On March 12 1942, Robert Bosch passed away. Robert Bosch was a German industrialist, engineer and inventor, and founder of Robert Bosch GmbH.
“I do not pay good wages because I have a lot of money; I have a lot of money because I pay good wages.”
— Robert Bosch
Robert Bosch was born among twelve siblings on September 23, 1861 near the city of Ulm, Germany. His parents Servatius (1816-1880) and Marie Margarethe Bosch, née Dölle (1818-1898) belonged to the regional peasant upper class. His father was the innkeeper of the Gasthaus Krone and a Freemason. He was well educated beyond his own class and attached particular importance to the good education of his children. From 1869 to 1876, Bosch attended a secondary-technical school in Ulm, and later took an apprenticeship as a precision mechanic. After completing his education, Bosch served as a one-year volunteer at the Württemberg Pioneer Battalion No. 13 in Ulm, which he completed as a non-commissioned officer and officer aspirant. However, he did not then take up the officer’s career path promised by his superiors. The subsequent 7 years he spent working for a number of companies in Germany, the UK, and also the United States.
The Workshop for Precision Mechanics and Electrical Engineering
In 1886, Robert Bosch opened his “Werkstätte für Feinmechanik und Elektrotechnik” (Workshop for Precision Mechanics and Electrical Engineering, today’s Robert Bosch GmbH) in Stuttgart. In 1887, he decisively improved a magneto ignition system originally patented by Siegfried Marcus for the Deutz machine factory and thus had his first economic successes with stationary gas engines. The device was used to generate an electric spark that ignited the gas mixture in a (stationary) combustion engine. In 1897, Bosch employee Arnold Zähringer succeeded for the first time in adapting such a magneto to a high-speed motor vehicle engine. This solved one of the biggest technical problems of the still young automotive industry. Bosch the first business success. Another invention by Bosch’s company was the first commercially viable high-voltage spark plug as part of a magneto-based ignition system. It was invented by the company’s engineer Gottlob Honold in 1902 and enhanced the development of the internal combustion engine.
From Motor Vehicles to Electronics
Bosch’s company managed to expand in the following years and by 1913, they already operated in the United States, Asia, Africa, and Australia. At the beginning of the First World War, most mobile war equipment was equipped with Bosch spark plugs. In 1917, Bosch designed the first concrete percussion drill. After the First World War, Bosch brought innovations for the motor vehicle to market in rapid succession, including diesel injection in 1927. In the wake of the crises of the 1920s (hyperinflation in 1923, global economic crisis in the early 1930s), Robert Bosch undertook a process of modernization and diversification in his company. In just a few years, the company succeeded in transforming itself from an automotive supplier producing handicrafts into a globally active electrical engineering group.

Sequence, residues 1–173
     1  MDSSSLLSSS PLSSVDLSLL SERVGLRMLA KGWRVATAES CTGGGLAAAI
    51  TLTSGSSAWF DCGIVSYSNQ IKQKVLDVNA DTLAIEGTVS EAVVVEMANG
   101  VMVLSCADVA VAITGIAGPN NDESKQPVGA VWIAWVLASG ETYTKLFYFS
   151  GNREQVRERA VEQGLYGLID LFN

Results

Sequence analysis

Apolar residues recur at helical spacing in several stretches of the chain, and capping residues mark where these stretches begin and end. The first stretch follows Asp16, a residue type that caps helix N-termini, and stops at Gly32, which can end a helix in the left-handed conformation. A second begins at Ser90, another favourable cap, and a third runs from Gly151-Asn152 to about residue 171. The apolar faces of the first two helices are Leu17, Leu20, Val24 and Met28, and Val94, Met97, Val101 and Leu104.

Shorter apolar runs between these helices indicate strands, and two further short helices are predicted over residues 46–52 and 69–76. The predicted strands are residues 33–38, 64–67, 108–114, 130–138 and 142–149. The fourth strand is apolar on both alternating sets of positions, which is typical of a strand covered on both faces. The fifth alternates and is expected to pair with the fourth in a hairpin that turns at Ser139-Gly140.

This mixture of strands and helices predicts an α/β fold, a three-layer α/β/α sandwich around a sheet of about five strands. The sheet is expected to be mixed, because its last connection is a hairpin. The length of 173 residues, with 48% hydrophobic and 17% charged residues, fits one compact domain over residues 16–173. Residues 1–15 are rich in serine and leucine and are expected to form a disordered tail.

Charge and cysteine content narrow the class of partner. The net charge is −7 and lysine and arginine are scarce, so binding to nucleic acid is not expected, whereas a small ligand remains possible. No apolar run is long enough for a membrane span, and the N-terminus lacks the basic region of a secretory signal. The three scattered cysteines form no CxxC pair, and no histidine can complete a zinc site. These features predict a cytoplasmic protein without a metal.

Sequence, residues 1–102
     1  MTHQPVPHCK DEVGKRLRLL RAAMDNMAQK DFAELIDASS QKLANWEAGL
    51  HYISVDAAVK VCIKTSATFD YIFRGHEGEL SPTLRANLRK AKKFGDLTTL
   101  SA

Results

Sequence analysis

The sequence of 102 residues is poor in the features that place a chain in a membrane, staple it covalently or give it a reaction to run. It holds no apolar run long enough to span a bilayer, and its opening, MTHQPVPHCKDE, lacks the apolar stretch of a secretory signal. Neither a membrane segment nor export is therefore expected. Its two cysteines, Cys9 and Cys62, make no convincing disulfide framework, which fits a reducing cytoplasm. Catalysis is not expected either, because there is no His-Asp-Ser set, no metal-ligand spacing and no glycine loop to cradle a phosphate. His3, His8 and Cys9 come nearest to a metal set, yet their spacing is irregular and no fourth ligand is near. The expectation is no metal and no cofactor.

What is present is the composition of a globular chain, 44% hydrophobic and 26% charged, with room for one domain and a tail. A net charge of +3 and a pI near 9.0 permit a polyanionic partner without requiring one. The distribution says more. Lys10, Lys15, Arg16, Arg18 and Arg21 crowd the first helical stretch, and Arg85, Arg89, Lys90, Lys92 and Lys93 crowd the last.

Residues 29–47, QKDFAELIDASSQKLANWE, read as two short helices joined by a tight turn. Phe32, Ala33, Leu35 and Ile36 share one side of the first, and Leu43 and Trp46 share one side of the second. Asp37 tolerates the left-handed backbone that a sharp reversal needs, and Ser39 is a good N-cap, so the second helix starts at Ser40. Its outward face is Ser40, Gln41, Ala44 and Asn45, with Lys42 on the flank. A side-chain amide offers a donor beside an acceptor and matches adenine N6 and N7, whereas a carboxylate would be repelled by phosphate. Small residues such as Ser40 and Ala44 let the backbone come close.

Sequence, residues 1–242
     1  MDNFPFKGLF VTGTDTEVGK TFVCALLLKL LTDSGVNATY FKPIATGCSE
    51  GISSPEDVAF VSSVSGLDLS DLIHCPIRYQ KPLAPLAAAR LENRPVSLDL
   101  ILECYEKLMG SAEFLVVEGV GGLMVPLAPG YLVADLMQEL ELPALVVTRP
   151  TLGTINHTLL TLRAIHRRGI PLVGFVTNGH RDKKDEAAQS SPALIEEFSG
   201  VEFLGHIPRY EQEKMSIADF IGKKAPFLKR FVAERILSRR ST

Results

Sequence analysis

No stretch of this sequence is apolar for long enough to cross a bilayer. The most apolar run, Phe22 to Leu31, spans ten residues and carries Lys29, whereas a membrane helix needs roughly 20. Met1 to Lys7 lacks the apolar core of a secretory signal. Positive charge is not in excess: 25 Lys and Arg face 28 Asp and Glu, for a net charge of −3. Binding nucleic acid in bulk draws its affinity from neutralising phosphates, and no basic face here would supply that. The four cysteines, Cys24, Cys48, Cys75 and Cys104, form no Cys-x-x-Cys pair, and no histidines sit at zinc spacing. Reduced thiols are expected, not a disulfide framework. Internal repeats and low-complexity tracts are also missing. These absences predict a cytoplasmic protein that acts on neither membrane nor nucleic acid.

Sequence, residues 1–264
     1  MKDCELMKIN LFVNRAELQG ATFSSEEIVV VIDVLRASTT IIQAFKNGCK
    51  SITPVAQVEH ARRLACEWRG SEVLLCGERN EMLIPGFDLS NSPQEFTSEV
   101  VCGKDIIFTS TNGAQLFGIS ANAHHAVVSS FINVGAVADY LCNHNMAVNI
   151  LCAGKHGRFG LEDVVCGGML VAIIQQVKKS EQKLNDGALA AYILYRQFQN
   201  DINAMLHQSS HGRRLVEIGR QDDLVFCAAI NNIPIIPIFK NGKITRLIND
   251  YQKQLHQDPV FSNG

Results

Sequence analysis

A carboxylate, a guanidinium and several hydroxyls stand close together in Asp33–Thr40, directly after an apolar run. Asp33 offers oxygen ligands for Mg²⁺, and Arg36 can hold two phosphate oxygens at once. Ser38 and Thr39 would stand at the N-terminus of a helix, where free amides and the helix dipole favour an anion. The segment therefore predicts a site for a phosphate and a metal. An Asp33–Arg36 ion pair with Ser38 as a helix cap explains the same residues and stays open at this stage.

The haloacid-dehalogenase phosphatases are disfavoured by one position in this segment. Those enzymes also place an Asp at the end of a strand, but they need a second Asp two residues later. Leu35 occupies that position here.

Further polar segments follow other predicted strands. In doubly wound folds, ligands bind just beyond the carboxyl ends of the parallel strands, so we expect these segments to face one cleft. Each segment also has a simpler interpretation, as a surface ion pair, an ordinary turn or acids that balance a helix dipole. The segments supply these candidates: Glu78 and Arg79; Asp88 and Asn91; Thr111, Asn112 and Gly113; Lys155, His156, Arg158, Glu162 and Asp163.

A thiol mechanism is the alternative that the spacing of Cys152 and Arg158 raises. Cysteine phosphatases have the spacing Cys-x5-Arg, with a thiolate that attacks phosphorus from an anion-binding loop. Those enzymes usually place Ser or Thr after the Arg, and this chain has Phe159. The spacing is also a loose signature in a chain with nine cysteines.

Robert Bosch as Social Reformer
Next to Bosch’s business advances, he also became well known as one of the first industrialists in Germany to introduce the eight-hour work day as well as social benefits for his workers. This earned him the nickname “The Red Bosch“. Further exemplary social benefits for the employees followed, e. g. fair pay. In 1940 he handed over a hospital in Stuttgart, which he had donated, to his destiny. He further was known to donate large amounts of money earned during World War I to charity. Bosch became a member of several economic committees as a liberal businessman and devoted much of his time to support the reconciliation between Germany and France. He hoped this reconciliation would bring about lasting peace in Europe and lead to the creation of a European economic area.. Unfortunately, his peacemaking attempts came to an end with the nazi regime. The Bosch company then accepted armaments contracts and employed forced laborers during the war.
During World War 2
After the seizure of power, the National Socialist regime put an end to these efforts by Bosch. Soon the company also took on defence orders and employed forced laborers during the war. The Kleinmachnow satellite camp belonging to the Sachsenhausen concentration camp was located on the grounds of the Bosch subsidiary Dreilinden Maschinenbau GmbH. At the same time, however, Robert Bosch actively supported resistance against National Socialism.
Death and Legacy
Robert Bosch died in Stuttgart in 1942 from an ear infection. The Nazis seized Bosch by staging a state funeral to serve their interests. Today, the company, which bears its name, is a globally active group of companies with more than 300,000 employees and is committed to the ideals of its founder. The company does not participate in the development of weapons technology and the foreign branches also have high social standards in dealing with their employees.
References and Further Reading:
-  Robert Bosch Biography at Bosch
-  Robert Bosch at Famous Scientists
-  Robert Bosch at the Automotive Hall of Fame
-  Robert Bosch at Wikidata
-  Newspaper clippings about Robert Bosch in the 20th Century Press Archives of the German National Library of Economics (ZBW)
-  “Robert Bosch, Industrialist, Dies in Berlin”. New York Herald Tribune. 13 March 1942
-  “Robert Bosch und der doppelte Spagat”. Stuttgarter Zeitung (in German). 12 January 2014.
-  Robert Bosch at German Digital Library
-  Timeline of German Entrepreneurs, via DBpedia and Wikidata